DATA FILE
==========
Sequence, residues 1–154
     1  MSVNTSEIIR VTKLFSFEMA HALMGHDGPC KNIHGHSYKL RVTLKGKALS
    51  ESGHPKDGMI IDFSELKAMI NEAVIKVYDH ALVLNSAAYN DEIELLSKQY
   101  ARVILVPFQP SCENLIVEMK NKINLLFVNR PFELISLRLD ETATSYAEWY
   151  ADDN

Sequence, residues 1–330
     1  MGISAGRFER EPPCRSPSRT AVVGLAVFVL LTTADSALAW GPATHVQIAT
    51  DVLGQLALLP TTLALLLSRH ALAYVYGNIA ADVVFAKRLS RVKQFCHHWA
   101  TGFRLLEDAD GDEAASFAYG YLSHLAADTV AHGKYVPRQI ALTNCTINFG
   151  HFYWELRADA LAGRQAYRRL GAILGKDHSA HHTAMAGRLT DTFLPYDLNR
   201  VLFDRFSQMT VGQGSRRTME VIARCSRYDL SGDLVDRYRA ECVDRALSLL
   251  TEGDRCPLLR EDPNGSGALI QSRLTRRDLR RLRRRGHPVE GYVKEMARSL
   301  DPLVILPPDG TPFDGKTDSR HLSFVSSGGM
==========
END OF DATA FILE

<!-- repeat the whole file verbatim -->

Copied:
Sequence, residues 1–154
     1  MSVNTSEIIR VTKLFSFEMA HALMGHDGPC KNIHGHSYKL RVTLKGKALS
    51  ESGHPKDGMI IDFSELKAMI NEAVIKVYDH ALVLNSAAYN DEIELLSKQY
   101  ARVILVPFQP SCENLIVEMK NKINLLFVNR PFELISLRLD ETATSYAEWY
   151  ADDN

Sequence, residues 1–330
     1  MGISAGRFER EPPCRSPSRT AVVGLAVFVL LTTADSALAW GPATHVQIAT
    51  DVLGQLALLP TTLALLLSRH ALAYVYGNIA ADVVFAKRLS RVKQFCHHWA
   101  TGFRLLEDAD GDEAASFAYG YLSHLAADTV AHGKYVPRQI ALTNCTINFG
   151  HFYWELRADA LAGRQAYRRL GAILGKDHSA HHTAMAGRLT DTFLPYDLNR
   201  VLFDRFSQMT VGQGSRRTME VIARCSRYDL SGDLVDRYRA ECVDRALSLL
   251  TEGDRCPLLR EDPNGSGALI QSRLTRRDLR RLRRRGHPVE GYVKEMARSL
   301  DPLVILPPDG TPFDGKTDSR HLSFVSSGGM